Tag: local artists

Featured Artist – Helen Bulmer

by Debra Urbacz

I first became aware of Helen’s work last September at Canalside Heritage Centre during an exhibition changeover, which was made slightly weird by the wearing of masks and muffled conversations. Her perfect prints radiated bright shots of colour from the stark white wall. With inks as intense as her hair dye sitting well with subtler pastel shades, those paper prints commanded  attention – the heavy line work succeeding in emboldening them further.

I met up with Helen again in Bendigo this month, where we  swapped secondary teaching tales over a welcome mid-week glass of sparkly wine and talked about her artistic inspirations. It is probably unsurprising to learn that Helen was very much taken with the use of tone and pattern in works by Henri Matisse. The vividness and bold forms are very much evident in her prints. “I like colour!” she exclaims. “I have tried to be subtle but it doesn’t work.” Her signature hues are orange and turquoise, simply because they look so good together.

Helen has always had an interest in making art. Recognising her passion and talent early on in life led her to study the subject beyond ‘O’ Levels, eventually graduating with a degree in Graphic Design from Newcastle University. She qualified as a teacher in 1985 and spent 30 years to encouraging young people to engage with their artistic sides before taking the decision to leave in 2015, taking life at a much slower pace. We talk about the rewards and challenges of the teaching profession and how all-consuming it can be – leaving little time for other interests and connecting with people outside of education.

Suddenly with all this free time, Helen began to explore opportunities to get involved with the community and develop her own artistic practice. She volunteered at Oxfam for a short while, joined the Embroiderer’s Guild and began working with the WEA, delivering print making courses. However, it wasn’t until meeting fellow Beestonian Janet Barnes that she started to feel part of a wider creative community. Janet was involved with the restoration of the weir cottages, which have now been reincarnated as the Beeston Canalside Heritage Centre, a popular spot for visitors to enjoy a bite to eat among beautifully maintained gardens to the backdrop of Beeston Weir. Janet also ran an art group at The Boat and Horses which Helen enjoyed attending.

Encouraged by the centre’s amazing potential as a hub for local creativity, she organised the opening event in the June 2017. The Grand Opening was welcomed, after almost ten years of planning, and very well attended by those in the local community who had been watching the renovations take place. There have been some wonderful events and exhibitions there and Helen is keen to see these continue. Originally involved in promoting the educational side of what was on offer, Helen has since taken over the responsibility of ensuring there is a continual display of local artist’s work in the tearoom gallery space.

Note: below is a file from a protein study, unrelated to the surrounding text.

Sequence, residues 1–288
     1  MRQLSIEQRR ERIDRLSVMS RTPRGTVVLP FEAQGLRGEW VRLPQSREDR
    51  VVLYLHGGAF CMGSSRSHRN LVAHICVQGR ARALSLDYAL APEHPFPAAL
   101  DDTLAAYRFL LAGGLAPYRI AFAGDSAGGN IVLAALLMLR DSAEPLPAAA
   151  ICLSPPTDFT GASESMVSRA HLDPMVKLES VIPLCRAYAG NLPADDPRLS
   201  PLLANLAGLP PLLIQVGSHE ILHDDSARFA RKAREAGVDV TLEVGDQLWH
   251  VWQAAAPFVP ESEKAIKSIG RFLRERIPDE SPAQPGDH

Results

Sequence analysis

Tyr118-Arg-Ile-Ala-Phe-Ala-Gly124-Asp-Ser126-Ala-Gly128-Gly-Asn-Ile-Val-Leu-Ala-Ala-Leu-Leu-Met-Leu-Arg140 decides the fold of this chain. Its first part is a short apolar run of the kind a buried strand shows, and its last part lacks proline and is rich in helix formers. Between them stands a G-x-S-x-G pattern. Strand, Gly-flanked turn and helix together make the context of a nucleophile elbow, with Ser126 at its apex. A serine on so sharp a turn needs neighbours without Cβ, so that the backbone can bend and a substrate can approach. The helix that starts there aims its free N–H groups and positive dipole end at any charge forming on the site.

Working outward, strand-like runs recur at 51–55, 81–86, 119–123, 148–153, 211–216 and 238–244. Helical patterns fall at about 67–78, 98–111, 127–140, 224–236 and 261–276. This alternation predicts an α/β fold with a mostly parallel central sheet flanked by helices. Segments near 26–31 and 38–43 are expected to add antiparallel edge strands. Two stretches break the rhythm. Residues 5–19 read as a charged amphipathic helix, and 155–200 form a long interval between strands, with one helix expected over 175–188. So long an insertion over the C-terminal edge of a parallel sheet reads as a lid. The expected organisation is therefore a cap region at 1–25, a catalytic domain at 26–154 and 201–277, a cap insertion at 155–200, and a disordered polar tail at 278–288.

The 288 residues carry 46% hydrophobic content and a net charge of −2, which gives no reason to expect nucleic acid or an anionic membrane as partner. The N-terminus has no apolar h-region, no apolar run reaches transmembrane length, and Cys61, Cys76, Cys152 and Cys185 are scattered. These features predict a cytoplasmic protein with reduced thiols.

Her own work flourished during the pandemic. A difficult time for many, she found that becoming absorbed in producing lino prints was ideal to pass the time during the first lockdown. She remembers this as a ‘positive experience.’ Helen felt she had been given permission to ‘stay put and slow down.’ Creativity was a marvellous escape and the lengthy printing process was something she could turn to at different times of the day and keep herself purposefully occupied.

Taking inspiration form her own garden, she tends to focus on the simple still lives she creates by bringing cut flowers and plants inside to sketch. Once she is happy with the composition of the sketch, she transfers this to a lino block and carefully carves out the first colour that she will be printing – lightest colours first. Reduction lino-printing relies on calculated cutting and printing techniques that allow the final image to be built up in layers. Each colour must dry completely before over-printing so Helen prints around twenty five at a time – using eight colours on average.

Though she plans each print carefully, it really is the ‘luck of the draw’ how they will turn out and this adds to that initial excitement of seeing whether a new design will look as it was anticipated.

Her casually created tableaus contain objects she feels compliment each other in form and colour. It’s as much about the shapes that are made as the colours themselves and it can several attempts to get the shade just right. She reveals the difficulty she sometimes has with which colour she is supposed to be cutting out first, especially as more of the lino is cut away, so on her latest block she decided to colour the design onto the lino of her new print of Chinese Lanterns.

Hailing from the North East, Helen met her husband whilst at University in Newcastle and later followed him to Beeston where he had secured a job with Broxtowe Borough Council as a community worker. We speak fondly of Georgette’s the Florist, which was on the corner of Stoney Street and the High Road and is now the O2 Mobile Phone Shop, as Helen recalls buying flowers there every week and she was ‘always excited to see what they had in each week!’ She loves the diverse community and lively feel of the town and is happy she chose to settle here. This year is the first that she has taken part in the ABC Art Trail and thoroughly enjoyed it. She had set out a print in the various stages of adding the colour and visitors seemed to find this particularly fascinating. Sharing knowledge and influences seems to be the most rewarding aspect about the Art Trail for artists – as well as the interest in their work of course.